The bargaining power of buyers is also important for Enron. In addition to the trust damaged by the ethical scandal, the products offered by the company are not very different as compared to those of competitors, yet the company is not price sensitive. In the presence of competitors who portray excellent performance, the bargaining power of buyers is high.
The bargaining power of suppliers is very high considering the current state of Enron. The bankruptcy has resulted in huge amounts of money that the company owes suppliers of equipment and labor. Therefore, the company is in a situation of begging new and old suppliers.
The rivalry that exists among competitors in the energy industry is high both in the pursuit of suppliers and buyers. Oil deposits are only found in a handful of countries, yet the users of the products are spread worldwide. Therefore, firms compete to win extraction contracts as well as marketing contracts.
Problems at Enron case
The inability of the firm to manage resource is a big problem, especially when it comes to budgeting. Indeed, this has driven the management team to carry out illegitimate actions that disregard the need for the firm to perform excellent corporate governance. The case study reveals that the firm does not carry out good corporate governance because the management has embarked on performing unethical actions2.
This conduct was intended to exhort investors to put their money during the public offering of the shares. Moreover, the decision to hire a consultant to develop a tax structure and review them is clear evidence of Enron’s intentions to present fake figures to investors.
The other problem with Enron is the inability to manage financial resources. Through forged profit reporting, the company could raise enough capital to repay their loans to investment banks and carry on with unethical business when the money was out. Surprisingly, in a span of three years, the fake reporting provided the firm with more than $10 billion of shareholders.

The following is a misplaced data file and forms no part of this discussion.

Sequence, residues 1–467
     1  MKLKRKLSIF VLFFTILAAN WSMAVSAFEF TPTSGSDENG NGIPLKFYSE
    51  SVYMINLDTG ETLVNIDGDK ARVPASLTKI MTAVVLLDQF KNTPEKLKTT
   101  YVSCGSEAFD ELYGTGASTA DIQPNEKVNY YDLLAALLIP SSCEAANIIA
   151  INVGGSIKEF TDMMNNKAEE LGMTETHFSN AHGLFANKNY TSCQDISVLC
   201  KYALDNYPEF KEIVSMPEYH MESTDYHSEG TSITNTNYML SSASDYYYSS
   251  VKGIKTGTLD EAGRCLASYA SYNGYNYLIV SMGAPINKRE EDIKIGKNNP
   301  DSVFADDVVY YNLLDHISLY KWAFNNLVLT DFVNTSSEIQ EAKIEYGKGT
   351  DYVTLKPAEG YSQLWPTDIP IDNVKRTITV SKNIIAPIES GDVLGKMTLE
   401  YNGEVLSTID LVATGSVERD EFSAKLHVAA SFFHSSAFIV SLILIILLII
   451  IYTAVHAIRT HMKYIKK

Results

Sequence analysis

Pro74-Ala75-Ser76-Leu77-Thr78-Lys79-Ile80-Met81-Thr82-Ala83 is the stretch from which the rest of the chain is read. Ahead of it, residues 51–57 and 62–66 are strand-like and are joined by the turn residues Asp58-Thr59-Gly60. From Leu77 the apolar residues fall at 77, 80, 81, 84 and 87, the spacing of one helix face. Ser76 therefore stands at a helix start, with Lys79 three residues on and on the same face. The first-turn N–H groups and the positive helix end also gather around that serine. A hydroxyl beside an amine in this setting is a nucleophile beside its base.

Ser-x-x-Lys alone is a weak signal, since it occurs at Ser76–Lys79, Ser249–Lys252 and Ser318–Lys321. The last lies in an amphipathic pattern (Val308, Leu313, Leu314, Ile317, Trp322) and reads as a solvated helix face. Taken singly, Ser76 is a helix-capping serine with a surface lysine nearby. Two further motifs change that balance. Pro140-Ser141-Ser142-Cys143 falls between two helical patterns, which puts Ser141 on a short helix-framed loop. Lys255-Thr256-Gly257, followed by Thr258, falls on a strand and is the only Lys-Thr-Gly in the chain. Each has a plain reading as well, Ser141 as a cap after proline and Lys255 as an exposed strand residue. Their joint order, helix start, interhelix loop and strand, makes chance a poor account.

Structure and control systems
Enron used three key supports of control systems. First, Enron’s performance review (PCR), was intended to bring into line Enron employees’ actions with the firm’s strategic goals, reward and keep workers who performed superfluously. Second, the risk assessment and control group (RAC) had the purpose of commending all operative contracts and manage all risks facing the company.
Different levels of authorization were necessary in every deal including the directors. However, the system was not applied to the point and 15% of those evaluated were redeployed in spite of their performance.
Third, the code of ethics was employed as a way of controlling behaviors with the purpose of barring a range of corrupt behaviors. Each employee was supposed to sign this code after joining the company and reaffirm-annually, though it was more of a regulatory accomplishment than commitment especially for the officials in higher levels.